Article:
SGIM Forum

Breadth: Part III

Things I Learned in the First 2 Weeks

Dr. Sgro ( is an academic hospitalist at the VA Pittsburgh Healthcare System and a clinical assistant professor of medicine at the University of Pittsburgh School of Medicine.

That the proper pronunciation of fomites is fow.maites.

That, in the same way you’re never been able to un-see your parents having sex, you can’t un-see fomites.

That essentially anything can be a mask. A shard of coconut. A knee pad. A used coffee filter? It’s worth a try.

That people have widely divergent views on the meaning of “shelter in place.”

That I can give up handshakes, no problem. I kind of like this elbow thing. But now you’re telling me I’m not supposed to have strangers rub dark tanning oil on my hard to reach places? How am I supposed to bronze evenly?

That my commute is really not that bad. It’s the other commuters who are bad. While I wish them well, I hope they never come back.


That there are very clear, sensible criteria to guide testing based on the latest epidemiologic data, the ethics of resource allocation, and our nation’s comprehensive strategy.

Wait, are you serious? I’m sorry. I just heard about Rand Paul. I have no idea what we’re doing.

That my children will not eat the homemade mac ‘n cheese I spent an hour preparing when I could have just dusted them with aerosolized cheddar and called it a day.

That my four-year-old has absolutely no concept of time, mortality, or even basic safety, and yet seems to take handwashing more seriously than any adult I’ve ever seen.

That non-profit health systems are not interested in profits. Never have been. But knee replacements? Can we talk about that offline?

That, actually, it’s cool. We can reuse our masks. And we have floating hospitals now, so space is not an issue. We also have space. Outer space. Maybe we can build a space hospital.

That Trader Joe’s is a germ-ridden hellscape. Still, the man at the door who greeted me with a spritz of hand sanitizer was extremely friendly. He made my day.

That, when I finally got a chance to go running last weekend and was passing over a particularly shabby stretch of sidewalk and my phone started buzzing with a volley of text messages, it was not one of the residents asking for post-exposure instructions, nor was it my boss calling me in for jeopardy. It was not even my father asking for clarification on whether or not he is allowed to stop by Carmine’s so long as he just “grabs a pastry.” No, it was—once again—my dear friend Dan, sharing another important pangolin meme.

That, as I nosedived into the concrete, my iPhone in one hand and my wedding band on the other helped absorb the impact. I think you’d be surprised by which of these items now needs to be replaced.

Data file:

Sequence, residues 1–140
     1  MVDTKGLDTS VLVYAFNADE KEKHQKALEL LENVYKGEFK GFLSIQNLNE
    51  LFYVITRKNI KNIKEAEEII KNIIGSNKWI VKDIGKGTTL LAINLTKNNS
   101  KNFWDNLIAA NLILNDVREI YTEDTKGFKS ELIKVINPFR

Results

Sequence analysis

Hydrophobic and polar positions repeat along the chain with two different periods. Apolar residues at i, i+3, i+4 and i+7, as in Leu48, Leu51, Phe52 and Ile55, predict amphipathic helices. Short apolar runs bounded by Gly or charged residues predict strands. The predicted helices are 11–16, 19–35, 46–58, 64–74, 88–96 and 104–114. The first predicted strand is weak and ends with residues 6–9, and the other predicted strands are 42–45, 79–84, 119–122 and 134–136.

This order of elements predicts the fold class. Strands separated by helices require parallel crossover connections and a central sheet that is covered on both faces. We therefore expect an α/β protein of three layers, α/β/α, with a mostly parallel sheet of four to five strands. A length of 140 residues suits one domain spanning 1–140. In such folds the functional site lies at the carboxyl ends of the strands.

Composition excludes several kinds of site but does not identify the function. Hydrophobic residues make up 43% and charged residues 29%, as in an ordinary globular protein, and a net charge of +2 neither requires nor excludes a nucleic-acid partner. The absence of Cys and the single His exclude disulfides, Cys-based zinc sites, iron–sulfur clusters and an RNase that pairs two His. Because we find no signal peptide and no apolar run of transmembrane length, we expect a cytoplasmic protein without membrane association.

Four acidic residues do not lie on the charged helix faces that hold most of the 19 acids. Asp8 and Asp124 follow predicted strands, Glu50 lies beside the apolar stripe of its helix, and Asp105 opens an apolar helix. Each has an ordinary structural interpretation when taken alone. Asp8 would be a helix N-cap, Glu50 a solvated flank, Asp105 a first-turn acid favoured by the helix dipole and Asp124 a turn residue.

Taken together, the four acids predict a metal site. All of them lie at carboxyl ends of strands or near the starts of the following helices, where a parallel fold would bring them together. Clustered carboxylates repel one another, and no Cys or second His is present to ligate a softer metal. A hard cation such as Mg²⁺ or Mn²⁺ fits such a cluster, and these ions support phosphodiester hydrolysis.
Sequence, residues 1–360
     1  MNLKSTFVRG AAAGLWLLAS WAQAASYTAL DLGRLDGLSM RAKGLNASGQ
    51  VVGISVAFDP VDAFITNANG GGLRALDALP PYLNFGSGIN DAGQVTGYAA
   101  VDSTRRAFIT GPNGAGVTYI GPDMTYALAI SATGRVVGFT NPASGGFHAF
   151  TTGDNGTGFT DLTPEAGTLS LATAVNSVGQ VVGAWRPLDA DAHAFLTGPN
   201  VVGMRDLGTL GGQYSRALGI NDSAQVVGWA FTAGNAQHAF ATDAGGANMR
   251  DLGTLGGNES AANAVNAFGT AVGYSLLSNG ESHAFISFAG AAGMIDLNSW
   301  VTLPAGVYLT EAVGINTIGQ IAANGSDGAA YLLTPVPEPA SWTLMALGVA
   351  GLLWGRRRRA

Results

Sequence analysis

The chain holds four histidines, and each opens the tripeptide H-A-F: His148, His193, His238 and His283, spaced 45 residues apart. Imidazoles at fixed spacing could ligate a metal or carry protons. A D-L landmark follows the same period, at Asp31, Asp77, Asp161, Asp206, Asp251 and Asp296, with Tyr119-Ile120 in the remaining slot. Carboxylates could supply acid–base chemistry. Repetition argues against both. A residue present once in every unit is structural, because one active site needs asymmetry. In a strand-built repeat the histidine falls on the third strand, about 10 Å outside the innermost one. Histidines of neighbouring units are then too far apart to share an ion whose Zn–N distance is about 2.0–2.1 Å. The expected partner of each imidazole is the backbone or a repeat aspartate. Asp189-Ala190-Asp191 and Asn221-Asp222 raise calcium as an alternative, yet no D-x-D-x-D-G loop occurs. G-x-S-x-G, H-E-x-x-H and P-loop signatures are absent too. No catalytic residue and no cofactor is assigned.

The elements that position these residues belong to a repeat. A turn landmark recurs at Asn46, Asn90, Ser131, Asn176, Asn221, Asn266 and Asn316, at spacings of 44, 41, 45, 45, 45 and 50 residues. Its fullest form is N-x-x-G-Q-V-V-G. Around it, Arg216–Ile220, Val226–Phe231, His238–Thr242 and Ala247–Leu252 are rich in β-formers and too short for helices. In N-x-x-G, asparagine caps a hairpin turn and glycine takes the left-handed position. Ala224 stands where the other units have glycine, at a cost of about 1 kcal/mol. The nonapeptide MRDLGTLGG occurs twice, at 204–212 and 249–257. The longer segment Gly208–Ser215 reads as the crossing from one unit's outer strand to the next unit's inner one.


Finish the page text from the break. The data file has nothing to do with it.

That, when the going gets tough, the tough buy meat. Seriously, what are you people doing with all that meat?

That, as of this writing, my children no longer eat chicken. Apparently, they’ve lost the taste for it. Wait, did you say they’ve lost their taste?

That the idea that love is blind seems to have been definitively disproven by the pioneering Netflix original series, Love Is Blind.

That the Netflix original series, Love Is Blind, can render the viewer temporarily incapable of thinking about anything other than Mark’s stunning lack of emotional intelligence, and for that we are very grateful.

That, if you wouldn’t (or couldn’t) do it during an in-person meeting, you probably shouldn’t do it during a Zoom meeting. I’m sorry, Kathy. I had to say something.

That Ninja Kids is a program on YouTube that causes my 7-year-old, periodically, to run screaming into the kitchen and jump kick me, hard, in the upper leg.

That home school is a cute idea. Really f*&%ing cute.

That my neighbors have all sorts of used and vintage masks, which I’m welcome to use if I wish to be killed and/or unemployed.

That, while my wife and I were in medical school, every friend and living relative was apparently acquiring the skills to knit surgical masks.

That I could make it 61.5 hours without once touching my face—my own face—only to have my perfectly sterile field shattered by three swipes of a McKesson Exergen digital temporal thermometer, at the entrance to my hospital, at 6:30 on a Monday morning.

That my house is precisely 2,466 square feet, not counting the attic, which is really just an unfinished crawl space.

That, sometimes, I’ve found, after a long day of work and/or home schooling, it’s nice to unfold the ladder, climb up into the attic, and lie face down on the floor, just for a little while.

That, if we had enough yarn and enough knitters (which it seems like we do) maybe we could knit a containment shield around Myrtle Beach? Like, just for a few weeks?

That the only thing we have to fear is fear itself but dying has been gaining ground.

That my thigh is sore.

I wonder if Trader Joe’s has any ice cream.


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